The number of cases confirmed to have been caused by the variant from Brazil grew from one to two, while those found to be caused by variants from California grew by one, to 21.
Pulaski, Lonoke and Poinsett counties joined Benton, Washington and Miller counties on the list of those where 5-20 cases caused by variants have been identified.
The number of counties where at least one but fewer than five cases caused by variants have been found grew by one, to 23.
The actual number of cases caused by variants is unknown because only a small percentage are tested to determine that.
In their latest forecast report, released Tuesday, researchers with the University of Arkansas for Medical Sciences' Fay. W. Boozman College of Public Health said the ending of the statewide mask mandate at the end of March means the state is "betting on the good will of Arkansans to maintain public health COVID-19 mitigation efforts until we reach herd immunity through vaccination."
"More proactive vaccination measures must be put in place to encourage/convince people to get vaccinated," the researchers wrote.
For instance, they noted a "federally funded health care center has partnered with two bars in New Orleans to offer a shot of a patron's preferred adult beverage in exchange for the adult being vaccinated with the J&J vaccine."
In Arkansas, in addition to offering the shots at athletic or music events, they said the state could offer a discount on hunting and fishing licenses to people who show they have been vaccinated, and it could set up vaccination kiosks at airports.
"Public offices, such as State Revenue Offices where Arkansans go for vehicle licenses and registration, could offer locations where people can be vaccinated while they wait to pay their taxes or get or renew their driver's license," the researchers wrote.
"Patients could be vaccinated while waiting for their appointment at a physician's or dentist's office."
They predicted the state's cumulative count of cases would increase by more than 30,000 by June 30, with the cumulative hospitalizations increasing by 1,209.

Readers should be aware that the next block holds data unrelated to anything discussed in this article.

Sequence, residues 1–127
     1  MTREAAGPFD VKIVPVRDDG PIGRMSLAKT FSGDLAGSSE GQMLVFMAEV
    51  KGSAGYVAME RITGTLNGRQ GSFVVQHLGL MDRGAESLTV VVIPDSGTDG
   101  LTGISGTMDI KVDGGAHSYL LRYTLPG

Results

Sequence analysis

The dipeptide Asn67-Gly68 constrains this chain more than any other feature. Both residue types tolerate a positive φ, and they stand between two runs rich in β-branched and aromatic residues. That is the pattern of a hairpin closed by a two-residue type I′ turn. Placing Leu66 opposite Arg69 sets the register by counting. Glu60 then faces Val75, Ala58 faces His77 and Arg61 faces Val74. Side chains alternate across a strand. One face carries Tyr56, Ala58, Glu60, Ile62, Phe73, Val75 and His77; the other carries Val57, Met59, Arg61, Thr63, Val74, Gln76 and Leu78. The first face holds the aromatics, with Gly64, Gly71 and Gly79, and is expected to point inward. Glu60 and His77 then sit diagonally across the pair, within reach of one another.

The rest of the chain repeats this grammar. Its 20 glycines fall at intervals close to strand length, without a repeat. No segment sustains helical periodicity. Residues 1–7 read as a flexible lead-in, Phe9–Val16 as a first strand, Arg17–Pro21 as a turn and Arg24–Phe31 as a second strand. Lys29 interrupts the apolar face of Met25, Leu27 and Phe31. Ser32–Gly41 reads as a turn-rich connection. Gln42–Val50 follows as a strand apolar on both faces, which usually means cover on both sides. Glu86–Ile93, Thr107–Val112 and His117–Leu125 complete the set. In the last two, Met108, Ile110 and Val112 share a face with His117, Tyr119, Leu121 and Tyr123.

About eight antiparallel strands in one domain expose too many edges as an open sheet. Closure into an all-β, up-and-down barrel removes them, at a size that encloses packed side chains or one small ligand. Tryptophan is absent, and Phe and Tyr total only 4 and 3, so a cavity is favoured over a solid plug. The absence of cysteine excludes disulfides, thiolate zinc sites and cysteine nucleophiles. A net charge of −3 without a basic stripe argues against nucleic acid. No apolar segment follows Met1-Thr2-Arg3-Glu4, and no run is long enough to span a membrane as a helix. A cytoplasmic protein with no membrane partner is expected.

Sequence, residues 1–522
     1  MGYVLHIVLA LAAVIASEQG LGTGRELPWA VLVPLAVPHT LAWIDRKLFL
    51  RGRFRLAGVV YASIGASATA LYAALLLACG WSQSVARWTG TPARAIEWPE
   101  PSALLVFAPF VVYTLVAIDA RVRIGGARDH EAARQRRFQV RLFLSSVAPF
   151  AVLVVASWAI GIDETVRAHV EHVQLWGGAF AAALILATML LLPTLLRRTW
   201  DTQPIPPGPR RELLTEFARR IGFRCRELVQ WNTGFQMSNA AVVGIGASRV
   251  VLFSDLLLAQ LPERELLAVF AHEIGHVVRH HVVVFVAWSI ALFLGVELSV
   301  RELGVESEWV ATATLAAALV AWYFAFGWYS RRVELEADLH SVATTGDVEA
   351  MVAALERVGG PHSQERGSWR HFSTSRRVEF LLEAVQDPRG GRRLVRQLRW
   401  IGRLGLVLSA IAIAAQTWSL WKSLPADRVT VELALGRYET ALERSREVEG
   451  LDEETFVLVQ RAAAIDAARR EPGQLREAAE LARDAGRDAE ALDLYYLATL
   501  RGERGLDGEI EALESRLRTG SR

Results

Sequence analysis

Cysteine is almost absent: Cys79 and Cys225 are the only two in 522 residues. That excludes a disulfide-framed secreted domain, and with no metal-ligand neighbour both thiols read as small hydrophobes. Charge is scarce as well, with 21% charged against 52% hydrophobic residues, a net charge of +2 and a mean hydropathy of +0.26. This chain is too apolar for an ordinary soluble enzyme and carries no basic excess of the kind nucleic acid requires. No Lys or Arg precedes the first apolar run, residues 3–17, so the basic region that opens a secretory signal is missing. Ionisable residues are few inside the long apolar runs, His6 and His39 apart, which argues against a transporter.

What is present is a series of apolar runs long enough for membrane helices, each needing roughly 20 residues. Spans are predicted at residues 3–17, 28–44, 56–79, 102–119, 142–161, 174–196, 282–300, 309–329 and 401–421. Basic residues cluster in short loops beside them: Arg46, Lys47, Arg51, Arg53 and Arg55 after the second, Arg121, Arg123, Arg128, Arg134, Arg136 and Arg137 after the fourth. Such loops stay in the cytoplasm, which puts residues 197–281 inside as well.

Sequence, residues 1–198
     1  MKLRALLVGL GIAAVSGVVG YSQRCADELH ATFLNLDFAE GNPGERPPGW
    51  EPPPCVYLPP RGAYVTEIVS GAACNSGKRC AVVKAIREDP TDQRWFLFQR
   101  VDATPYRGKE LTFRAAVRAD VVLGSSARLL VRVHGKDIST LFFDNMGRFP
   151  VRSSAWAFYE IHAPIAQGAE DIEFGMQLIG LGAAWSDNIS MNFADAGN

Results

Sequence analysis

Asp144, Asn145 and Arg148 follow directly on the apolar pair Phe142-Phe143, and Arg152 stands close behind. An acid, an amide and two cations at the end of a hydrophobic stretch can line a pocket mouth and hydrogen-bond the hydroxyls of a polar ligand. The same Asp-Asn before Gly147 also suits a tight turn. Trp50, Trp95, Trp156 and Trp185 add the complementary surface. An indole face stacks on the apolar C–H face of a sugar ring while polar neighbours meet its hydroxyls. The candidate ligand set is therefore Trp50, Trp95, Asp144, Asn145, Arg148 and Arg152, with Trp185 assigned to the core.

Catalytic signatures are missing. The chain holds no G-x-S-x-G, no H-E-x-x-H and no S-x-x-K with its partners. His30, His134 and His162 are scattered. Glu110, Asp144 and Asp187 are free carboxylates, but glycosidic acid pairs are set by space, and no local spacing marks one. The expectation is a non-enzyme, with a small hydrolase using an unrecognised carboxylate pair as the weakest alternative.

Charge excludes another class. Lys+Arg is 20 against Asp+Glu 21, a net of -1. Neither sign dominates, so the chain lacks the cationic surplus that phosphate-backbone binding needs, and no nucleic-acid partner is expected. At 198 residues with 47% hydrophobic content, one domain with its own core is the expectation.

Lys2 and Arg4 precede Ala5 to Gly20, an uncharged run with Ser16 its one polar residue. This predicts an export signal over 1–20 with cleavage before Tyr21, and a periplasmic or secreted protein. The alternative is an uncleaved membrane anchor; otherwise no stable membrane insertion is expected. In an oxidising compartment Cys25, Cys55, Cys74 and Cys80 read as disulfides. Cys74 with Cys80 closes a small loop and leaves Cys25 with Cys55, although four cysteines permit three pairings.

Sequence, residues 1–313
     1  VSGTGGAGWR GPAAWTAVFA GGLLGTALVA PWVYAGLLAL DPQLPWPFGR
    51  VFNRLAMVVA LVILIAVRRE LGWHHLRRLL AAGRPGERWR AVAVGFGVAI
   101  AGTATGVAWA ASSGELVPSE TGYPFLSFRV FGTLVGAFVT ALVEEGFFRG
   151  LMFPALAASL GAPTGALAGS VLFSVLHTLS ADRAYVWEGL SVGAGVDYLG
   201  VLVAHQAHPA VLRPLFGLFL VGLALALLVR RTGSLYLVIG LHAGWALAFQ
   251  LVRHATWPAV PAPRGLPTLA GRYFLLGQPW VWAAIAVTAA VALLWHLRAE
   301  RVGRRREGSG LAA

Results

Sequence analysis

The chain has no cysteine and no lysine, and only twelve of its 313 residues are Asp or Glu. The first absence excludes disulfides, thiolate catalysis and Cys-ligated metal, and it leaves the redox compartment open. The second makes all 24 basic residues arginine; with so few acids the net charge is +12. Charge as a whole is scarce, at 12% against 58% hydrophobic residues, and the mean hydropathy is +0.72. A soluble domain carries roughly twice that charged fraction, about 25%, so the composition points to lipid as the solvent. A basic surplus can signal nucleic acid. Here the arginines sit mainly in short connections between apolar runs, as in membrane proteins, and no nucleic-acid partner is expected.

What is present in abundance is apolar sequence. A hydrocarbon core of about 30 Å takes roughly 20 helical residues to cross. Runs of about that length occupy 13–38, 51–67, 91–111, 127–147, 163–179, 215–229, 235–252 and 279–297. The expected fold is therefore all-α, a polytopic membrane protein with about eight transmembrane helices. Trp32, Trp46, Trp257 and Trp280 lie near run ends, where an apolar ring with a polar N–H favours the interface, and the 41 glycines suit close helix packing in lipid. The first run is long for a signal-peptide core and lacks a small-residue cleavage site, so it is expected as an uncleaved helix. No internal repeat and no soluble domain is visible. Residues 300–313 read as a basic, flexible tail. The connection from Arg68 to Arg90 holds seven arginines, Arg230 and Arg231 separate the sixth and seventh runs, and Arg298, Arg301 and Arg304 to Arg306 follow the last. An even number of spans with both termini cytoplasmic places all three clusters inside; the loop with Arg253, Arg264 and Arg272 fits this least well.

ACTIVE CASES RISE
After rising Monday, the number of Arkansas' covid-19 patients who were on ventilators fell Tuesday by one, to 28.
The cases that were added to the state's tallies included 174 that were confirmed through polymerase chain reaction, or PCR, tests.
The other 122 were "probable" cases, which include those identified through less-sensitive antigen tests.
The state's cumulative count of cases rose to 336,462.
That comprised 263,410 confirmed cases and 73,052 probable ones.
The number of cases that were considered active rose by 104, to 2,043, as new cases outpaced recoveries.
Benton County had the most new cases, 43, followed by Washington County with 42 and Pulaski County with 27.
The Health Department's count of cases among prison and jail inmates rose by one.
Department of Corrections spokeswoman Cindy Murphy said the state's prisons didn't have any new cases Tuesday.
The state's death toll rose by four, to 4,569 among confirmed cases and by one, to 1,183 among probable cases.
Among nursing home and assisted-living facility residents, the state's count of virus deaths rose by one, to 2,078.
The number of people who have ever been hospitalized in the state with covid-19 grew by 28, to 15,916.
The number of the state's virus patients who have ever been on ventilators with covid-19 rose by six, to 1,625.